One of his driver's successfully performed this operation recently in Cincinnati. While the dumped refuge fire left the fire department with the unenviable task of extinguishing a mound of trash, it did save both the truck and alleviated any chance of either a pressure release or explosion.
Sizing up the CNG tanker danger zone
Former firefighter Larry Stone, now the director of emergency services for 1-800-Board-Up in central Florida, has been taking his presentation on CNG trucks around the central Florida area. He not only describes the types and safety features on several CNG fuel tanks, he discusses possible scenarios and tactics using videos from several fires.
Stone and I have discussed the value and risks of a 360-degree walk-around. In some cases, the 360-degree size up places the officer in the danger zone should the CNG tank fail. Stone says this is unacceptable and dangerous practice.
This certainly has merit. However, if we revert to our hazmat training, a pair of good binoculars carried on the apparatus or chief's vehicle could still provide the needed 360 at safe distance. In this, or any hazmat situation, the value of a 360-degree size up should be safely maintained with the proper equipment and training.
From another industry perspective, David Biderman, executive director and CEO of the Solid Waste Association of North America, recently made a presentation at an industry conference in Indianapolis outlining several features incorporated in most CNG-fueled trucks operating around the country. SWANA has an eight-page white paper outlining the use of CNG primarily on refuse trucks.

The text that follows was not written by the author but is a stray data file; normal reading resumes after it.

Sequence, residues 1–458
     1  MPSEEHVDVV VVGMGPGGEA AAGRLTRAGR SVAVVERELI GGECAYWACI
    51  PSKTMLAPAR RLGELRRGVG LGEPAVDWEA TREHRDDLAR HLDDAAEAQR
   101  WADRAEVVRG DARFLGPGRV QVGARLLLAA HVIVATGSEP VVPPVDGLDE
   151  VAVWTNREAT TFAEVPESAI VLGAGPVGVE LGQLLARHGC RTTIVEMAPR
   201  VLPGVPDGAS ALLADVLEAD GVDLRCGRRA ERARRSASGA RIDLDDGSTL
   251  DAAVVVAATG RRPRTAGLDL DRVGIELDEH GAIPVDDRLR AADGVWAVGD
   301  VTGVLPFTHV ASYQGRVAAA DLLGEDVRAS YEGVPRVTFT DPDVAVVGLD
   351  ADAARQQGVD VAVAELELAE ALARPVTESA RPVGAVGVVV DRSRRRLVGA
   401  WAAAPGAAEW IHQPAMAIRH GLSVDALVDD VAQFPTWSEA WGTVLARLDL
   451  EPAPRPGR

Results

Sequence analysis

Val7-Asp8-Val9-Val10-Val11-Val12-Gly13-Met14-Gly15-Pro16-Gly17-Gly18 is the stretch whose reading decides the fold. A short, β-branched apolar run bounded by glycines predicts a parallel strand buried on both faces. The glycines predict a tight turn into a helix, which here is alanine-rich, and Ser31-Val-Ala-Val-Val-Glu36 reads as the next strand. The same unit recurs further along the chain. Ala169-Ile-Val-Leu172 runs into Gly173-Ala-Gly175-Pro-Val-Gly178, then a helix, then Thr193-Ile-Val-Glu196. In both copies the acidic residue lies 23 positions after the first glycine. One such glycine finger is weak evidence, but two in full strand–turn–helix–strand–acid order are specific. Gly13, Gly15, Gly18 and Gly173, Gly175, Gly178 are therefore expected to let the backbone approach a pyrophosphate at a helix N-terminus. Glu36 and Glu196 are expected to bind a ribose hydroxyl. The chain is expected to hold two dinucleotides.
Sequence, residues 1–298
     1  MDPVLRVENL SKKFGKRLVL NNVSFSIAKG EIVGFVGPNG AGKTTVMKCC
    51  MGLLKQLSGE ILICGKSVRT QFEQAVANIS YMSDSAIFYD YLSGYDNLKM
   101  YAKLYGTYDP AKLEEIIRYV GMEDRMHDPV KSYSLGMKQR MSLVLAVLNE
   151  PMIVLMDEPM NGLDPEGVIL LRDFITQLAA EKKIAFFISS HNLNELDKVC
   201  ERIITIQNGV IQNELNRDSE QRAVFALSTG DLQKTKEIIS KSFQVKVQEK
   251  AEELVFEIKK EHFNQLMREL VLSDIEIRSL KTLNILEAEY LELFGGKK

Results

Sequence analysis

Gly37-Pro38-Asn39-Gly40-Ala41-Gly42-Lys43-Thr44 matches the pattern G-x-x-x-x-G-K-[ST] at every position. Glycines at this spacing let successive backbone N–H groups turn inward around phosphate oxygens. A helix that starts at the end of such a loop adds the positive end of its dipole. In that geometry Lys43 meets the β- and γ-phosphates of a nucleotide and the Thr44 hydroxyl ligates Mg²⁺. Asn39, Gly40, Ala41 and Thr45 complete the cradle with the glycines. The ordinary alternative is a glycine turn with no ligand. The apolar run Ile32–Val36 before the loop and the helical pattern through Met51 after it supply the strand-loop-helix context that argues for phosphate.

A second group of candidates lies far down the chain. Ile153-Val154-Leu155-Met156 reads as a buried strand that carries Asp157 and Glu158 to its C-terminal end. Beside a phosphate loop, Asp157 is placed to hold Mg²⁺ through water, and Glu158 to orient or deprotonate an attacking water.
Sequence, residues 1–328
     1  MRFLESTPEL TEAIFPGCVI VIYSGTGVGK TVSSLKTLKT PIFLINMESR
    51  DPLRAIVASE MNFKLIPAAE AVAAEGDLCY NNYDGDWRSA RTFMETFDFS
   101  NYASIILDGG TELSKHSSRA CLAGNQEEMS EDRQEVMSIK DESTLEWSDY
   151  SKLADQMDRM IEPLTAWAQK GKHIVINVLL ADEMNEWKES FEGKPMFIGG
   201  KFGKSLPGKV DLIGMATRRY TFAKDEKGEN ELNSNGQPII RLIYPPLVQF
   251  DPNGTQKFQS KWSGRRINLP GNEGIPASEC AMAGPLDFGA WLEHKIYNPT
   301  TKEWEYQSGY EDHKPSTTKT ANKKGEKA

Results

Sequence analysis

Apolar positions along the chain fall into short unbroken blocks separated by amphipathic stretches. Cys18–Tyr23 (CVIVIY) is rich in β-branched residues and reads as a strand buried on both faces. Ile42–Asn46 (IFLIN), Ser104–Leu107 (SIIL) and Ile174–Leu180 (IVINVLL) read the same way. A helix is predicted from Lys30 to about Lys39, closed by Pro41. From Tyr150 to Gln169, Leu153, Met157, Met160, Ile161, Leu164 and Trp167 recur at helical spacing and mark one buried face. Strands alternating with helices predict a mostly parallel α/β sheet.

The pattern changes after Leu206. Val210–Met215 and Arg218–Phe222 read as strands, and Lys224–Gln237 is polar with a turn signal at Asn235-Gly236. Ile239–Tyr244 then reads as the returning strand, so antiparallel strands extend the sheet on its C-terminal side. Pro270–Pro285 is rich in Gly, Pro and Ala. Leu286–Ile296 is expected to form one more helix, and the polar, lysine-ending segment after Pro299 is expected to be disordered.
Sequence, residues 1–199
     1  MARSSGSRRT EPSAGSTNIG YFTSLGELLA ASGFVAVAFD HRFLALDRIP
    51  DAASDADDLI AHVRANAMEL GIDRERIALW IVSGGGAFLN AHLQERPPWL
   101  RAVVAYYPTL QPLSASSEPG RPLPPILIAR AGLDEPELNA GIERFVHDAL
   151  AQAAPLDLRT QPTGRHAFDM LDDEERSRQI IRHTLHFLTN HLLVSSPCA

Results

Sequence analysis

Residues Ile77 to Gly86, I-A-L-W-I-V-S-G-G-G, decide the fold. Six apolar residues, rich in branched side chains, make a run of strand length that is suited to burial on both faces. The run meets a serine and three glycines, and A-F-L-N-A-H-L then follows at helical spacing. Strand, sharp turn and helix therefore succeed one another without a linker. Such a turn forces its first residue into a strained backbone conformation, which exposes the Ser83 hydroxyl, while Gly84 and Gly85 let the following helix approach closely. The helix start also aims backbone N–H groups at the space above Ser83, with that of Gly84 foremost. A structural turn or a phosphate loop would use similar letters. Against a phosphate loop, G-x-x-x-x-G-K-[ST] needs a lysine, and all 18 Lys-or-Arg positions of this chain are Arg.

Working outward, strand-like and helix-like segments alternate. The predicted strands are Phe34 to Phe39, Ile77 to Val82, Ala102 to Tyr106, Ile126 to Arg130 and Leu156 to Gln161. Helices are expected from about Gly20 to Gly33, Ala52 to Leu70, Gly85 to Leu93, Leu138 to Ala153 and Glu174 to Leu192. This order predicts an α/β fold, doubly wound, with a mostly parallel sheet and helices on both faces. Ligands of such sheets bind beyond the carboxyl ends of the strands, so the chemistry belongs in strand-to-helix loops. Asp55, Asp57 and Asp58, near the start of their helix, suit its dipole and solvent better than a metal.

While our unfamiliarity with CNG-fueled trucks may continue into the near future, there is competent training and advice available from multiple reliable sources. However, experience has shown that the original PowerPoint distributed by the Indianapolis Fire Department that includes both recommendations for strategy and tactics remains the one of the most helpful for use by your department.
Nothing beats hands-on training and knowledge of how to safely recognize an alternative fueled vehicle from a safe distance. While not all refuse companies offer hands-on training, check to see if they offer information and site visits that can help familiarize your firefighters with these issues.
For instances where hand-on training is unavailable, Wayne Yoshida of Agility Fuel Systems has provided their presentation on the general types of systems used to operate CNG fueled trucks. While this gives a general sense of the compressed gas operating systems now on the road, it is more of a general reference and not meant to be taken as a specific standard operating guideline for firefighting.
The bottom line is that this new hazard is here, it's not going away and could be part of the next call you receive.
It's up to the chiefs and the company or training officers to ensure that firefighters are prepared and know how to recognize CNG vehicles and then choose the appropriate strategy and tactics that emphasize firefighter and public safety.